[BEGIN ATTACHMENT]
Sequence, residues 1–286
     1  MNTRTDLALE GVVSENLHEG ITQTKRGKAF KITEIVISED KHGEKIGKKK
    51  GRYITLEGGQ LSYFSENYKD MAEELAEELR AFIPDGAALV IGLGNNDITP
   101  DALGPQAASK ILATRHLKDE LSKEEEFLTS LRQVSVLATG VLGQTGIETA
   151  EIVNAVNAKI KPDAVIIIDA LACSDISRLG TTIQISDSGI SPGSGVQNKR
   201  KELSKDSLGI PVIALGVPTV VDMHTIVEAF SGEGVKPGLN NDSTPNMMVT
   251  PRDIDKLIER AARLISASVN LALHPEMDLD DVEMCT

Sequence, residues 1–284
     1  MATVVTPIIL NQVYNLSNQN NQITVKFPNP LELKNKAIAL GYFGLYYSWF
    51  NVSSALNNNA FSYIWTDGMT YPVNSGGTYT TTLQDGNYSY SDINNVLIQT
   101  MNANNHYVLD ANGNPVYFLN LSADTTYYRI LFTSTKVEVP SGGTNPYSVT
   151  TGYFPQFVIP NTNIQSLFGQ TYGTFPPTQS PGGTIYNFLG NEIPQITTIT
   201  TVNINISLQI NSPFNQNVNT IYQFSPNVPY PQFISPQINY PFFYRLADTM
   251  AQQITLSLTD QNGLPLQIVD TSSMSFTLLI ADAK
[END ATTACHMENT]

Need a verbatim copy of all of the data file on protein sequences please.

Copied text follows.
Sequence, residues 1–286
     1  MNTRTDLALE GVVSENLHEG ITQTKRGKAF KITEIVISED KHGEKIGKKK
    51  GRYITLEGGQ LSYFSENYKD MAEELAEELR AFIPDGAALV IGLGNNDITP
   101  DALGPQAASK ILATRHLKDE LSKEEEFLTS LRQVSVLATG VLGQTGIETA
   151  EIVNAVNAKI KPDAVIIIDA LACSDISRLG TTIQISDSGI SPGSGVQNKR
   201  KELSKDSLGI PVIALGVPTV VDMHTIVEAF SGEGVKPGLN NDSTPNMMVT
   251  PRDIDKLIER AARLISASVN LALHPEMDLD DVEMCT

Sequence, residues 1–284
     1  MATVVTPIIL NQVYNLSNQN NQITVKFPNP LELKNKAIAL GYFGLYYSWF
    51  NVSSALNNNA FSYIWTDGMT YPVNSGGTYT TTLQDGNYSY SDINNVLIQT
   101  MNANNHYVLD ANGNPVYFLN LSADTTYYRI LFTSTKVEVP SGGTNPYSVT
   151  TGYFPQFVIP NTNIQSLFGQ TYGTFPPTQS PGGTIYNFLG NEIPQITTIT
   201  TVNINISLQI NSPFNQNVNT IYQFSPNVPY PQFISPQINY PFFYRLADTM
   251  AQQITLSLTD QNGLPLQIVD TSSMSFTLLI ADAK